There are several Tory MPs who are of the opinion that, given that latitude to disagree on Heathrow has been granted to two Cabinet ministers, Boris Johnson and Justine Greening, similar leeway should be extended to Goldsmith. It’s win-win for Downing Street not to contest it, partly because doing so would put anti-Heathrow MPs, including Johnson and Greening, in an impossible position. Theresa May isn’t averse to putting Johnson in a tricky spot, but Greening was an early supporter of her leadership bid, so her interests come fairly high up the prime ministerial radar.

But the second reason not to contest it is that Goldsmith’s chances of re-election will be put in a serious jeopardy if there is a Tory candidate in the race. Everything from the local elections in May or the Liberal mini-revival since Brexit indicates that in a three-way race, they will start as heavy favourites, and if a three-way race results in a Liberal Democrat win there will be bloodletting.

Although people are talking up Goldsmith’s personal vote, I can find little hard evidence that he has one worth writing home about. His performance in the wards of Richmond Park in the mayoral election was actually a bit worse than the overall Tory performance in London.  (Boris Johnson didn’t have a London seat so we cannot compare like-for-like, but Sadiq Khan did four points better in Tooting than he did across London and significantly outperformed his general election performance there.) He did get a big swing from Liberal to Conservative at the general election, but big swings from the Liberal candidate to the Tory were a general feature of the night, and I’m not wholly convinced, given his performance in Richmond Park in 2016, that it can be laid at Goldsmith’s door.

If he wins, it’ll be because he was the Conservative candidate, rather than through any particular affection for him personally.

But will being the Conservative candidate be enough?

Although on paper, he inherits a healthy majority. So did Robert Courts, the new MP for Witney, and he saw it fall by 19 points, with the Liberal Democrats storming from fourth to second place. Although Goldsmith could, just about, survive a fall of that magnitude, there are reasons to believe it may be worse in Richmond Park than Witney.

The first is that we already know, not just from Witney but from local council by-elections, that the Liberal Democrats can hurt the Conservatives in affluent areas that backed a Remain vote. But in Witney, they barely squeezed the Labour vote, which went down by just over two points, or the Green vote, which went down by just under two points. If in Richmond Park, they can both damage the Tory vote thanks to Brexit and squeeze Labour and the Greens, they will win.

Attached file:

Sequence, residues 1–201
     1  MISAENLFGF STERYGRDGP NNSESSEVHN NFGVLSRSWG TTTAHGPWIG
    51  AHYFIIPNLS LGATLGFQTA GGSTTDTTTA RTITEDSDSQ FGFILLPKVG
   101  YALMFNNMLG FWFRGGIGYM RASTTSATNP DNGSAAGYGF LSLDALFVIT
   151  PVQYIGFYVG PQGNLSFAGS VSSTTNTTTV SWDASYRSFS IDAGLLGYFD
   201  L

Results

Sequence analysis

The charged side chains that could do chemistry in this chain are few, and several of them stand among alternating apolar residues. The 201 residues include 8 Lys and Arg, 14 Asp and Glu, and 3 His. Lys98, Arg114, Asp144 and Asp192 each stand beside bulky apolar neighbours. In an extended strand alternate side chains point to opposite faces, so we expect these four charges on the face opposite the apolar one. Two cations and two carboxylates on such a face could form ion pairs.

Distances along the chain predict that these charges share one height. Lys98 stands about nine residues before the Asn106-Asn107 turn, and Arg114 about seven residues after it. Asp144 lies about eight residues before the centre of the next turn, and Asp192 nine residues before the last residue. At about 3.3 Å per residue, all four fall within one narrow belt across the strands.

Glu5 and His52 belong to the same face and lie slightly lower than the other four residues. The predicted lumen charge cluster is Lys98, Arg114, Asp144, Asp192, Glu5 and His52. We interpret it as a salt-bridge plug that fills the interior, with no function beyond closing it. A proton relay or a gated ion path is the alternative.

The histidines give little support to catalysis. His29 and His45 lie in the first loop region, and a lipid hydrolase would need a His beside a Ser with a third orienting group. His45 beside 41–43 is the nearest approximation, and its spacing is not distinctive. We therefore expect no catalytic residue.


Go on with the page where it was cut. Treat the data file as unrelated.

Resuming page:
Goldsmith's dog-whistle campaign for the London mayoralty will particularly help squeeze the Labour vote, and thanks to Witney, the Liberal Democrats have a ready-made squeeze message. (In Witney, Green and Labour votes would have been more than enough to elect Liz Leffman, the Liberal candidate.)

But their good performance in Witney and Goldsmith's mayoral result may not be enough on their own.  Ultimately, the contest will come down to the big question that will decide not just the outcome in Richmond Park but the future of the Liberal Democrats.

Have the voters forgiven the Liberal Democrats for going into coalition?

We know that Brexit can help the Liberal Democrats at the direct expense of the Conservatives. What we don’t know is if Brexit is enough to convince 6,000 Labour voters in Bath to vote tactically to get Ben Howlett out in exchange for a Lib Dem, or for 7,500 Labour voters to back a Liberal candidate in Hazel Grove to defeat William Wragg.

One of the reasons why the Liberal Democrats lost votes directly to the Tories in 2015 was fear: of uncertainty and chaos under an Ed Miliband government propped up by the SNP. That factor is less live in a by-election but has been further weakened due to the fact that Brexit – at least as far as Remain-backing Conservatives are concerned – has brought just as much uncertainty and chaos as Miliband and the SNP ever would have.

But the other reason was disgust at the Liberal Democrats for going into coalition with the Conservatives. If they can’t win over enough votes from the parties of the left, we’ll know that the party still has a way to come before we can truly speak of a Liberal revival. 

Stephen Bush is special correspondent at the New Statesman. His daily briefing, Morning Call, provides a quick and essential guide to British politics.